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Museum of Culpeper History to reopen April 15
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Museum of Culpeper History to reopen April 15

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In the latest hopeful sign of spring and growing vaccinations, the Museum of Culpeper History will re-open to the public next Thursday, April 15, it announced Thursday.

At 10 a.m., the regional museum will open its doors after being shuttered for 13 months because of the COVID-19 pandemic.

“We have missed greeting visitors from around the world who come to visit Culpeper, and are excited for this re-opening,” Museum Director Morgan Pierce said in a statement. “It will also be exciting to see our local friends and neighbors return for a visit to the museum and learn more about the history that surrounds us.”

The museum will host five brand-new temporary exhibits that should interest a wide cross-section of people who drop by, Pierce said.

The new exhibits going on view will include “Pride and Pageantry: The Town’s Bicentennial Celebration of 1959”; “Crazy in Culpeper”; “Toy Soldiers: The Civil War in Miniature”; “Preservation Culpeper: The A.P. Hill Building”; and “Artists in Culpeper: Elisabeth Piatt.”

“Pride and Pageantry” will feature photographs and media coverage of the town of Culpeper’s celebration of its first 200 years, as well as the bicentennial queen’s gown and the key to the town.

“Crazy in Culpeper” is devoted to a rotating display of crazy quilts designed and crafted by local residents.

“The Civil War in Miniature” features a prominent collection, from the museum’s trove, of highly detailed Union and Confederate tin soldiers manufactured by CBG Mignot in France. Founded in Paris in 1825, the firm quickly earned a global reputation for its beautifully painted lead soldiers. After nearly 200 years, Mignot’s toy soldiers and figurines are among the most sought-after collectibles.

“Preservation Culpeper” will discuss how downtown Culpeper’s A.P. Hill Building was restored in the early 2000s. The exhibit includes original artifacts from the prominent brick building at Main and Davis streets, the boyhood home of Confederate Lt. Gen. A.P. Hill.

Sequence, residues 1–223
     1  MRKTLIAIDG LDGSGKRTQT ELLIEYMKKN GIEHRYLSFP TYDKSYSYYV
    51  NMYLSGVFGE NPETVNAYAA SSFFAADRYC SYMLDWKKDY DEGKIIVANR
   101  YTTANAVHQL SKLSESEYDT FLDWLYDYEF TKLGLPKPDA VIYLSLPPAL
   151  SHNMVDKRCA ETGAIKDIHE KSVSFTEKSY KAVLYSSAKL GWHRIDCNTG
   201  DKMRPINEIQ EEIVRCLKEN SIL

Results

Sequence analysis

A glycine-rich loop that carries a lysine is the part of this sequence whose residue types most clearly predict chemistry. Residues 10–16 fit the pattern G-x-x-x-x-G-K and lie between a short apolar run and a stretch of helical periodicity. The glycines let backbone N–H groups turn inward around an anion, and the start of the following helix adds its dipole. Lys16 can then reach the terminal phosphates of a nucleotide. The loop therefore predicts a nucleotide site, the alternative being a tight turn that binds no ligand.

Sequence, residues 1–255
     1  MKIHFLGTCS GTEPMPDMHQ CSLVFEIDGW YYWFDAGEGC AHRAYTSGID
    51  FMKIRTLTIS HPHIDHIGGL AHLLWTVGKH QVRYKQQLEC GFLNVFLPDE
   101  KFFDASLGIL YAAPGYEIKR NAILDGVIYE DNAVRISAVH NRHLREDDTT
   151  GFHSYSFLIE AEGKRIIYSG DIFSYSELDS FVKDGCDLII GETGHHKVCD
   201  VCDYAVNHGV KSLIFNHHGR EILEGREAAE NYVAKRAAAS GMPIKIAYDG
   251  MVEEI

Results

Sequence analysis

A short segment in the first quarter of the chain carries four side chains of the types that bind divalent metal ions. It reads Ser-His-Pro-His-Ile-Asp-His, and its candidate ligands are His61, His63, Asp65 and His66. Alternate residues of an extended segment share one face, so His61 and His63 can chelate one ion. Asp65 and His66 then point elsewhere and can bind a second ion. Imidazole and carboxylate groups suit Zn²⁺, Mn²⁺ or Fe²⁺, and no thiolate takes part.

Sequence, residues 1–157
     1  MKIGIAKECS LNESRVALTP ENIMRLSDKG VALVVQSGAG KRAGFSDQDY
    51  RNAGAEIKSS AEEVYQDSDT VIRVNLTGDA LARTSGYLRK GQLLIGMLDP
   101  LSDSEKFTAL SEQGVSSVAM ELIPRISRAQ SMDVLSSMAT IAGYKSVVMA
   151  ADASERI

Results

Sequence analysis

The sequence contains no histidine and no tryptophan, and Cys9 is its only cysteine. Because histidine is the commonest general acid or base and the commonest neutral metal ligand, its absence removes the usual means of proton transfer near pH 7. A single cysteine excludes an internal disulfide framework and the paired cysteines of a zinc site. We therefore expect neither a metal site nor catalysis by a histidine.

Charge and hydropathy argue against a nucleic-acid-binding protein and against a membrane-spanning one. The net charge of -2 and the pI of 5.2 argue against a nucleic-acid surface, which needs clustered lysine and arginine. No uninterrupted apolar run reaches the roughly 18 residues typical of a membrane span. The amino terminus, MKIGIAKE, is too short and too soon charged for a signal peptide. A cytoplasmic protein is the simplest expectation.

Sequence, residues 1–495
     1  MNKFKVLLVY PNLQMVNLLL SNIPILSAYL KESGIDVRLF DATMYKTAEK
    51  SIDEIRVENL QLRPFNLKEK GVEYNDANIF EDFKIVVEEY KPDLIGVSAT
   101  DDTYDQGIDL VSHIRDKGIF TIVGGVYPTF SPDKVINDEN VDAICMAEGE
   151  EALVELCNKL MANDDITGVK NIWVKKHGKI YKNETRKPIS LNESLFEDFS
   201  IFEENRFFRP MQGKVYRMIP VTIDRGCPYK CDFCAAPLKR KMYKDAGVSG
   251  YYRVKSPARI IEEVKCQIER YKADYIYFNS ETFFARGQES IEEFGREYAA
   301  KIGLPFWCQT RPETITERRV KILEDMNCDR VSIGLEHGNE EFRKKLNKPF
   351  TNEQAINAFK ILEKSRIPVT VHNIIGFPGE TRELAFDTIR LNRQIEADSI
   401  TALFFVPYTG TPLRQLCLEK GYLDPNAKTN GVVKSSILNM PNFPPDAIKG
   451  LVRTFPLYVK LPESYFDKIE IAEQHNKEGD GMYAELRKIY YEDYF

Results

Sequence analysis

“Artists in Culpeper” continues a series of exhibits showcasing the work of local painters and artists.

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Before the coronavirus pandemic hit, 2019 had been a banner year for the museum.

Compared to the rest of its four-decade history, it held the largest number of individual programs and had the greatest success with its fundraising events. It saw a record number of visitors, who came from 47 of the 50 U.S. states and 15 foreign countries.

As the pandemic continued, the museum remained temporarily closed to complete in-house maintenance, develop new exhibits and make significant progress on behind-the-scenes work with its collections, the director said.

Pierce said the museum’s staff is “greatly appreciative of all the support shown by the Town of Culpeper and our museum members as we have navigated the pandemic and created a safe environment to visit.”

In adherence to guidelines from the Virginia Department of Health and the federal Centers for Disease Control and Prevention, the museum will have several new safety procedures in place when it reopens.

Visitation will be limited to no more than 12 people at a time. Signs will remind visitors to practice social distancing, not to touch certain areas, and to use the hand-sanitizer stations upon entering and as needed.

For everyone’s protection, face coverings must be worn by all visitors over the age of 5. Directional arrows in a one-way route will guide visitors navigating through the galleries.

Any visitor feeling ill will be asked to remain at home until their symptoms disappear.

In downtown Culpeper, the Museum of Culpeper History is located in the historic train depot at 113 S. Commerce St.

Free to all children and to residents of Culpeper County, the museum will be open Thursday through Monday from 10 a.m. to 4 p.m.

To learn more, please visit the institution’s website at culpepermuseum.com or call 540-829-1749.

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Clint Schemmer, a journalist since 1980, has worked at papers in California, North Carolina and Virginia. He’s been a bureau chief, editorial-page editor, copy desk chief and local news editor. Now a staff writer at the Culpeper Star-Exponent.

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